And what, exactly, is catalytic leadership? Merriam-Webster defines a catalyst as “an agent that provokes or speeds significant change or action. Catalytic leadership provides the push needed to get the ball rolling in a specific, focused direction. The man in the big yellow hat always identified where they were going or what they were going to do, he simply allowed George the freedom to be curious along the way. Catalytic leadership isn’t about letting staff focus their energies in twelve different directions. It is about articulating a vision and priorities, and then letting your people grapple and experiment with the best way to get there. It is about mentoring and encouraging collaboration and hands-on learning. It is about allowing your staff to find a path forward.

Being a big yellow hat leader takes patience and the ability to embrace ambiguity. It requires a recognition that progress rarely happens in straight lines or amid a tangle of rules, and that one rarely knows the route to the end of the journey when standing at the beginning of it. It requires a clear vision of the destination and the ability to inspire others and serve as a role-model for embracing possibilities.

How exactly does one become a big yellow hat leader? The first step . . . is to be curious.

Easy as Cake

bigstock--cake 159887675Many leaders talk about the need for innovation in their organizations, however, in far too many cases, true innovation seems elusive. In most instances, it is not a lack of desire or effort that that impedes results, but rather a lack of the right blend of organizational ingredients.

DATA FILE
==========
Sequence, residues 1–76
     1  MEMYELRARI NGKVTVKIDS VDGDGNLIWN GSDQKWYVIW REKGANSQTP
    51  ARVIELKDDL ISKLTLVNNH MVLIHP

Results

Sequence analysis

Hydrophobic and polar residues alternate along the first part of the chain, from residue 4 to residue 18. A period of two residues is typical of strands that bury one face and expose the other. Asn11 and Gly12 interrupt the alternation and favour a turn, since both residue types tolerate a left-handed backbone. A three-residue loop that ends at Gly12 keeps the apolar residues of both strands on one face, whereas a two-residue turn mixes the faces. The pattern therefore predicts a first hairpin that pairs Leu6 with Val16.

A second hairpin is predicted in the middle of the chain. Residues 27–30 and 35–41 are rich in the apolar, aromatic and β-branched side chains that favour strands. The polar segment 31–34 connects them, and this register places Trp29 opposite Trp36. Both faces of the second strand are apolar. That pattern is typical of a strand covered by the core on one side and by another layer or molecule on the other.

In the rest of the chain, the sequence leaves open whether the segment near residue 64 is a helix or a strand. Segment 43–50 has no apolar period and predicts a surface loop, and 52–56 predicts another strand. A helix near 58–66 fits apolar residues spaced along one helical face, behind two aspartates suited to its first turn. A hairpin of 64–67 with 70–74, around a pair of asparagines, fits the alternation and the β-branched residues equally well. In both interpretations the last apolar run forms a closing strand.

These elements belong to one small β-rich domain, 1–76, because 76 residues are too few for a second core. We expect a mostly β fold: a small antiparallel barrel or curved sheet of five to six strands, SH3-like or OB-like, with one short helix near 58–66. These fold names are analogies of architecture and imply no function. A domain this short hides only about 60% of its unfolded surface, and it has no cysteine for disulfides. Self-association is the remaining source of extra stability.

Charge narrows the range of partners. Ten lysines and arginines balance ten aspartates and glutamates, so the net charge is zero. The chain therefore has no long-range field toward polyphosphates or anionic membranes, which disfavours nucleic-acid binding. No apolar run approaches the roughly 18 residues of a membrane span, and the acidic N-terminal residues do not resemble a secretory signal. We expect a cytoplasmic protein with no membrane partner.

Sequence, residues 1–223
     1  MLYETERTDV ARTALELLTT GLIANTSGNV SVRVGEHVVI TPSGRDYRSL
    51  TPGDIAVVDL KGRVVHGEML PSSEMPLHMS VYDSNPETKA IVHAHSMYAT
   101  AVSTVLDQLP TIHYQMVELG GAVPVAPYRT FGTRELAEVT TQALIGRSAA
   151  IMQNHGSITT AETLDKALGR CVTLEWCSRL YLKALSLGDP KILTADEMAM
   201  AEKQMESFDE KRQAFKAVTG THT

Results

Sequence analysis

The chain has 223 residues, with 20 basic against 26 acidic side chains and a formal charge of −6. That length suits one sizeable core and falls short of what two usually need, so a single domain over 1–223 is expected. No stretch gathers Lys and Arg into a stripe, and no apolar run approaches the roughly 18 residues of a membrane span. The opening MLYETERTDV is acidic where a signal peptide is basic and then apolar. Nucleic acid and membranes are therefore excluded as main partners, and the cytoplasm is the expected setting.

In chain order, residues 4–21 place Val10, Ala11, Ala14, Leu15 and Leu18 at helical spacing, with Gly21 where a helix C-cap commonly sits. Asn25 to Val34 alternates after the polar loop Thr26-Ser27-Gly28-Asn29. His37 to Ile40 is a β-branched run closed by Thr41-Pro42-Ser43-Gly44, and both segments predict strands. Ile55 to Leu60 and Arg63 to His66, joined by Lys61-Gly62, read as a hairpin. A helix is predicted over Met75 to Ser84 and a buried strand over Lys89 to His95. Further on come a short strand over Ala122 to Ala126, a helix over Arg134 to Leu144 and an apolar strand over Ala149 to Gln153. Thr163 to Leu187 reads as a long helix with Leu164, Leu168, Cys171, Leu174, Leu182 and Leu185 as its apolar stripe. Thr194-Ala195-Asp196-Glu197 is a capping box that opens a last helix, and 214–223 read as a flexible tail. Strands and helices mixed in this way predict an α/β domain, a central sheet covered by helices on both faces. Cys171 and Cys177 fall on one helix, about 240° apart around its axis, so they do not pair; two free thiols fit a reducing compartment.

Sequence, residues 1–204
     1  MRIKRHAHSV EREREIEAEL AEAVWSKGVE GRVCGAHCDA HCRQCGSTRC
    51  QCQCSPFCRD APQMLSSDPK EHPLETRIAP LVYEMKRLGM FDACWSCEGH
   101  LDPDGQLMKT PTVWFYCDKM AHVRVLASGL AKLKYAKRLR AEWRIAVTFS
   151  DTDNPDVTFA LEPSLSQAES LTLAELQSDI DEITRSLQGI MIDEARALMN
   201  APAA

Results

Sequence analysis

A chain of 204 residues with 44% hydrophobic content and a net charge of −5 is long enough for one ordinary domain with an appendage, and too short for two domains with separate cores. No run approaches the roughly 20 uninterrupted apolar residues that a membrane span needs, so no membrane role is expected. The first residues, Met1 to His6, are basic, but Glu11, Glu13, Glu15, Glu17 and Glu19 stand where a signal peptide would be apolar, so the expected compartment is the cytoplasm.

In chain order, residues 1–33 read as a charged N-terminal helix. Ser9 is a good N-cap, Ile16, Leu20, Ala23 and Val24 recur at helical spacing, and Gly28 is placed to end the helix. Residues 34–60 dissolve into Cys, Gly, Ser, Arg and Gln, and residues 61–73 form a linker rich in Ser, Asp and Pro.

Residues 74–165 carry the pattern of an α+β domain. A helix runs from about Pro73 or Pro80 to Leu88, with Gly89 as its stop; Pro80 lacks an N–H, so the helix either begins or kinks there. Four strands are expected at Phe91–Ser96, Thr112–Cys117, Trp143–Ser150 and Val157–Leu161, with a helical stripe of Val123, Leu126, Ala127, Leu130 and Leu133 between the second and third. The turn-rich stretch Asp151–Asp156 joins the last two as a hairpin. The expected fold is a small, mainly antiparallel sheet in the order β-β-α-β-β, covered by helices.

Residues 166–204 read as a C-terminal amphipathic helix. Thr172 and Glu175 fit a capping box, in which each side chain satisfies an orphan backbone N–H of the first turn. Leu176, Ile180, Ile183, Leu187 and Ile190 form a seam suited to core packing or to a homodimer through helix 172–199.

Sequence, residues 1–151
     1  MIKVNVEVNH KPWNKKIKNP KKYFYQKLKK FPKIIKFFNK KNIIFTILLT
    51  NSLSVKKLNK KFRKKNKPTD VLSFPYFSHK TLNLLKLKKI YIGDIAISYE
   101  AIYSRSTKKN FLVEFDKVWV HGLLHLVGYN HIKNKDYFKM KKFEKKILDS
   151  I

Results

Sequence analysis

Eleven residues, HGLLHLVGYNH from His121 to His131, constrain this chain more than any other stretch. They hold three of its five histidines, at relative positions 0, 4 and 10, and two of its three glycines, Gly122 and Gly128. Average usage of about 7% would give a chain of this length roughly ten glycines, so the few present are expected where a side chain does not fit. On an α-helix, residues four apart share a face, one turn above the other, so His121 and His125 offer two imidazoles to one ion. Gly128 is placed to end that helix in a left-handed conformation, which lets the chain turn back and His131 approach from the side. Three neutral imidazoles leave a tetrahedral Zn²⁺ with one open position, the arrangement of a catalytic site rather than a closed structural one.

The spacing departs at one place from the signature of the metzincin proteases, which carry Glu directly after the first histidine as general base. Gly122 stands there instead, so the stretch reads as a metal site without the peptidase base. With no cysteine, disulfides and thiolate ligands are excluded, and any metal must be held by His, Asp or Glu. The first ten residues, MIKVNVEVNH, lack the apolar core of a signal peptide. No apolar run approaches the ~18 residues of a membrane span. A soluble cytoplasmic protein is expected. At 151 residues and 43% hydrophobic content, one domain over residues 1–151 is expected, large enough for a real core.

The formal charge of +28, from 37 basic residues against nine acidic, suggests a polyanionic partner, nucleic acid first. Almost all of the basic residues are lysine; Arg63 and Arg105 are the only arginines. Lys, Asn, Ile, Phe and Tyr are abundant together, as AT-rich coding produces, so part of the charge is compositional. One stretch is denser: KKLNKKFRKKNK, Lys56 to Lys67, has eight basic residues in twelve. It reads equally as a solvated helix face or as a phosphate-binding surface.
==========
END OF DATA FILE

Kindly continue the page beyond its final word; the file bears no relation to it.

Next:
Think of it like baking a cake. You can get all the best ingredients, measured out in the right amounts and set them side-by-side (you have top quality HR, and quality assurance, and product development), but if that’s all you do, you will never have a cake. It is the mixing of ingredients, in specific amounts, . . . it’s the dicing, the blending, the baking . . . that yields a prize-winning cake.

In their book Innovation to the Core: A Blueprint for Transforming the Way your Company Innovates, Skarzynski and Gibson talk about innovation as “combinational chemistry.” In effect, innovation isn’t about a “new” idea so much as it is taking a group of existing ideas/concepts — maybe from totally different fields or experiences — and putting them together in unique ways to create an entirely new solution.

So, when an organization challenges its “creatives” with innovation but does not include task or systems-oriented colleagues, it’s a bit like leaving the baking powder out of a cake — the flavor may be there, but it will never rise to its potential. Or maybe you always expect your senior, most experienced, staff to have all the good ideas. You know, there are only so many ways to combine the same ingredients, and after a while, everything you make with them starts to taste the same.